Why Does Salt Lower the Freezing Point of Ice

After winter storms, snowplows and salt trucks come out, and they do two things. The plows push most of the snow out of the way to make roads safer to drive.

The salt trucks spread small salt rocks on the road because it melts ice. But how exactly does salt melt ice?

Salt molecules dissolve in the thin layer of water that is present on ice. When this happens the salt molecules block the water molecules from sticking together turning it into liquid. Freezing point depression occurs meaning a lower temperature is needed to turn the now salt water into ice.

Whereas regular water turns to solid ice at 32ºF (0ºC) salt water can need temperatures as low as 10ºF (-12ºC) in order to turn from a liquid into a solid.

Rock salt will be most effective at melting ice close to 32ºF (0ºC) and will get less effective the lower the temperature gets. For temperatures below 10ºF (-12ºC) you will likely need an alternative to rock salt to melt the ice.

Ice is dangerous when on the road or on paths as cars can loose grip and slide around causing accidents and people can fall over. It may not seem like salt helps, but it helps ice melt because it lowers the freezing temperature. More information about why is discussed below.

How Does Salt Lower the Freezing Point of Ice?

Water freezes at 32°F (0ºC). However, when water has the maximum amount of salt dissolved in it, the mixture's freezing point can be as low as 10-0°F (-12 to -18ºC). Why does salt have that much effect on the freezing point of water and ice?

When salt is poured onto the ice like it is in most cities, the salt begins dissolving in the thin layer of water on top of the ice.

This layer of water is always there, on top of the ice (even if you can't see it, that's how thin it is). This thin later is in a constant state of freezing and unfreezing.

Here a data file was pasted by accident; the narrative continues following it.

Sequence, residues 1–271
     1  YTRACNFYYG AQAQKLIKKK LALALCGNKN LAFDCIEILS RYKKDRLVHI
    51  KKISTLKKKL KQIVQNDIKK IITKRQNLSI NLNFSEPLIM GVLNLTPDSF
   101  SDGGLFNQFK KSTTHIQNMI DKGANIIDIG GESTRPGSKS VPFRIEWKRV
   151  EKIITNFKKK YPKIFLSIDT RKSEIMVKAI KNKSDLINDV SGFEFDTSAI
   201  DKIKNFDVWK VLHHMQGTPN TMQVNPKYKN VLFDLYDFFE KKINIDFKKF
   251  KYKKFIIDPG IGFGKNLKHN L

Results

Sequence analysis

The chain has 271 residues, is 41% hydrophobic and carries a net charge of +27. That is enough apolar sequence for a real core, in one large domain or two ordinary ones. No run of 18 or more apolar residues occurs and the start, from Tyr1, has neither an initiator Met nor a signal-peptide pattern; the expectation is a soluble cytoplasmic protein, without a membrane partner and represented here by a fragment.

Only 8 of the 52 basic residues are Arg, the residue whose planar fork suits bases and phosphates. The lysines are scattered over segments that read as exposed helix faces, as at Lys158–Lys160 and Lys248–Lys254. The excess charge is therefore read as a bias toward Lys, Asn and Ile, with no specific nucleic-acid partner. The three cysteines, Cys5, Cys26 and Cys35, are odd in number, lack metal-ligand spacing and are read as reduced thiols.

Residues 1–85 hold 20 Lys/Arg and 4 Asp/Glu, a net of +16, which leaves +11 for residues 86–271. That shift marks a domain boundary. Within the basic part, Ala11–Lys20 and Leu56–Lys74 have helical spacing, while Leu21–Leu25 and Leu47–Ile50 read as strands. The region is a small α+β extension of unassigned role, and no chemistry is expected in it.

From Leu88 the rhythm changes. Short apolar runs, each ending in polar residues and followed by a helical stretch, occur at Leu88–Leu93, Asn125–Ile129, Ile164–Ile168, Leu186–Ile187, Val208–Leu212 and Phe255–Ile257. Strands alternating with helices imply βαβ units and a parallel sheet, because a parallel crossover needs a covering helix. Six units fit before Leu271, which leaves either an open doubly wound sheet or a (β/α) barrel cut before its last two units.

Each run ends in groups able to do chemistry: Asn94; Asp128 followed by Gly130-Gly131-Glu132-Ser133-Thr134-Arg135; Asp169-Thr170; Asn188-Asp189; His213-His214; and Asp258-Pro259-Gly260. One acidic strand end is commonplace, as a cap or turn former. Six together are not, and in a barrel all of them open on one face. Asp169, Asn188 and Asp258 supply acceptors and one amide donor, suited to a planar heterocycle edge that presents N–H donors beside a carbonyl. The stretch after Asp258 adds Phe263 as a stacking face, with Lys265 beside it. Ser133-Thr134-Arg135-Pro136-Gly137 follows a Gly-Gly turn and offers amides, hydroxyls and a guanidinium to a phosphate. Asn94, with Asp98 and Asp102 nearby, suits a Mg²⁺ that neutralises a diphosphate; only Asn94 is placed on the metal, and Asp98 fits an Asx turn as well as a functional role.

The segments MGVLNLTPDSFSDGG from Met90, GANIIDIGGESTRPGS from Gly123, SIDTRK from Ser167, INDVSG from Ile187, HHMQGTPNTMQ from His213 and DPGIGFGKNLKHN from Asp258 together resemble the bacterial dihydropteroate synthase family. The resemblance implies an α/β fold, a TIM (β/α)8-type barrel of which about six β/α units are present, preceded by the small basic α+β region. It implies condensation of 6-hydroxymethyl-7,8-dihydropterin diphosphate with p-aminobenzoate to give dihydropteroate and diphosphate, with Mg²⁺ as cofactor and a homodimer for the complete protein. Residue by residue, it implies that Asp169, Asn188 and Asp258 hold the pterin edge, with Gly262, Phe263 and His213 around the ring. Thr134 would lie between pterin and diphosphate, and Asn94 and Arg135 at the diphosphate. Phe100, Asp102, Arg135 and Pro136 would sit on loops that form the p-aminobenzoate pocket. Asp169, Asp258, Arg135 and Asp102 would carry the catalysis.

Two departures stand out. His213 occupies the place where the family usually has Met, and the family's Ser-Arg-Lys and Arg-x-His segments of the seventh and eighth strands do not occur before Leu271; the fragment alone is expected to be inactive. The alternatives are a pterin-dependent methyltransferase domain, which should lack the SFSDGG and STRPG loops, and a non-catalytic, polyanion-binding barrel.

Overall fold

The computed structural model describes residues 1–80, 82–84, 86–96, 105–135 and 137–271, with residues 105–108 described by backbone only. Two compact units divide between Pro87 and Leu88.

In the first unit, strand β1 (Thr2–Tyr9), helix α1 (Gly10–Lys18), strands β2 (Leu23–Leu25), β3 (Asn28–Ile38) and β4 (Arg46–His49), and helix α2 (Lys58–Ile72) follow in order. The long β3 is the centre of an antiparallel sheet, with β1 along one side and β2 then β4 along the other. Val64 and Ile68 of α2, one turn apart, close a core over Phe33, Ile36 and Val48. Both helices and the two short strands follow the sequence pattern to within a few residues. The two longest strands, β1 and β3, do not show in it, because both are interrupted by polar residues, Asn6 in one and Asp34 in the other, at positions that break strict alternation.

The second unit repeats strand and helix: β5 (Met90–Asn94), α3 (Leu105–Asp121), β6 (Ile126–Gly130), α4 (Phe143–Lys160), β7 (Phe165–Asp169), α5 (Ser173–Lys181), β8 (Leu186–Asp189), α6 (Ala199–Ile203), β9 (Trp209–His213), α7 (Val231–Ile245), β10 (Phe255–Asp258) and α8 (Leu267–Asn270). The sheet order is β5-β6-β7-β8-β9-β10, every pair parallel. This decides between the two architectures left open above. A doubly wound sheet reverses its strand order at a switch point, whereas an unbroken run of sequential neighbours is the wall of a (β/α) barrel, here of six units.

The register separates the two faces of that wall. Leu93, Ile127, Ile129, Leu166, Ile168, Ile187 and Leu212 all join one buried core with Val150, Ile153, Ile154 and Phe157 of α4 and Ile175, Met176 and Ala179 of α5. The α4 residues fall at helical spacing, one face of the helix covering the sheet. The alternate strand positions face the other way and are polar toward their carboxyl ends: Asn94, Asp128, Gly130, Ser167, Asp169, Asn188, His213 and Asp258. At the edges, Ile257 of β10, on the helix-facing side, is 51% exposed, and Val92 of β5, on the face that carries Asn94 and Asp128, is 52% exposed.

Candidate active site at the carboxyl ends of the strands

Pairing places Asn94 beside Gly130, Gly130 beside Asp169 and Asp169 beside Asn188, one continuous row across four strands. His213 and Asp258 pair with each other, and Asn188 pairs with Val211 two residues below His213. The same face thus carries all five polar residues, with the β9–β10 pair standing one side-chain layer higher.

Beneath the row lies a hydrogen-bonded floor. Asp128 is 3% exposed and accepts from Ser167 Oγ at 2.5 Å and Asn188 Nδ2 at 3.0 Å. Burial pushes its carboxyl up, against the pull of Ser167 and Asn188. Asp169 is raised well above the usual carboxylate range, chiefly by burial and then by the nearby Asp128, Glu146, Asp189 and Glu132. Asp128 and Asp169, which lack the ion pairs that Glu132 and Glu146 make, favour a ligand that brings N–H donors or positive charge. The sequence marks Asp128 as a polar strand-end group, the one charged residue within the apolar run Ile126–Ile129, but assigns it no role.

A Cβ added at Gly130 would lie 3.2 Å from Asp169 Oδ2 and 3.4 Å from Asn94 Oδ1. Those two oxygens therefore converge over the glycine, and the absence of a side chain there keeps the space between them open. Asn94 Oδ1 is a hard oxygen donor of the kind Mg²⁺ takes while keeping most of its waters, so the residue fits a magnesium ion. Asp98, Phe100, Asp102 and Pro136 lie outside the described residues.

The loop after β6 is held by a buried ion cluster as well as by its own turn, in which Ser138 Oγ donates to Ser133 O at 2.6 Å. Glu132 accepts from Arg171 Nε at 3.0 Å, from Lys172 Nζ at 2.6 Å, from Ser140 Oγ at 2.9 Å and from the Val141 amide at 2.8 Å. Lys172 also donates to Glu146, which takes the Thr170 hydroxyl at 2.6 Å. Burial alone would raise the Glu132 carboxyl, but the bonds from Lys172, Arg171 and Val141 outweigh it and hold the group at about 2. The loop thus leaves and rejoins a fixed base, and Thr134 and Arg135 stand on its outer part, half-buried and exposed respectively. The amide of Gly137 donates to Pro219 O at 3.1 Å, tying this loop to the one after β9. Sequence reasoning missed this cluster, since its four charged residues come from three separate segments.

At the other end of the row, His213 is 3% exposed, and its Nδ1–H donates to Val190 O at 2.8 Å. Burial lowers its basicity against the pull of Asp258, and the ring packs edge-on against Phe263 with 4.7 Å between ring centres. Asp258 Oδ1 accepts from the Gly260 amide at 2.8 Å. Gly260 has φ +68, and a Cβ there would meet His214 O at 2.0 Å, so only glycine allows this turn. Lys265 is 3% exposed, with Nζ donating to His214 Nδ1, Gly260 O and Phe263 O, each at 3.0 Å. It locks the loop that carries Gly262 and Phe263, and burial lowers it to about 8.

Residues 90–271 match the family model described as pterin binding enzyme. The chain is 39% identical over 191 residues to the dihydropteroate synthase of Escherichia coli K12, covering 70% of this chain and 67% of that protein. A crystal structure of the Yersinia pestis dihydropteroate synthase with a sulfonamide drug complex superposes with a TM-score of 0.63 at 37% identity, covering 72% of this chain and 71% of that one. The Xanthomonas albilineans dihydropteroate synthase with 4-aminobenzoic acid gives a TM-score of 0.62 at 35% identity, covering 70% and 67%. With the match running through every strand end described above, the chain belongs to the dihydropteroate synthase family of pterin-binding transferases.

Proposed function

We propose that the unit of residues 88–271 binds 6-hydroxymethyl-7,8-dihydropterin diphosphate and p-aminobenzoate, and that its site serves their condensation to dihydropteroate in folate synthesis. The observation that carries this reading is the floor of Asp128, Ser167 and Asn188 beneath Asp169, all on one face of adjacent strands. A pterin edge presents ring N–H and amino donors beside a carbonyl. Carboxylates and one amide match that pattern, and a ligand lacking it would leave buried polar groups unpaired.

However, when the salt dissolves in that watery film atop the ice, it dissolves into the water and the freezing point of that layer of water starts to lower. This means this water is unlikely to refreeze and a new layer is formed on top of the remaining ice continuing the process.

This continues in a pattern that can be compared to the domino effect.

As a layer of ice melts, it adds to the layer of water above the ice, and the salt continues to dissolve in it. There is now more water to help the salt dissolve ice. As the ice melts, the roads become less dangerous. This process repeats until only water is left on the roads.

What is Freezing Point Depression?

Freezing point depression means that the freezing point of a solution is lower than the freezing point of the solvent liquid. You are “depressing” or lowering the temperature a solution needs to reach before it turns into solid ice.

In the case of salting icy roads, the solvent is water. On top of the ice is a thin layer of water that you can't really see.

This thin layer of water is generally what makes ice so slippery in the first place.

When salt is placed on ice it begins to dissolve into this thin layer of water introducing a completely different compound to the water and thus lowers the concentration of pure water.

So, as the water molecules try to bond together to create ice, the salt molecules stand in between the solid water molecules and the liquid water molecules, and it doesn't allow some (not all, because some do get past the salt molecules) liquid ones to reattach to the solid ones, even as some water molecules break off from the ice and become liquid again.

Although it may not seem like salt on the roads increases traction for tires, it does because it melts the ice and lowers the freezing temperature.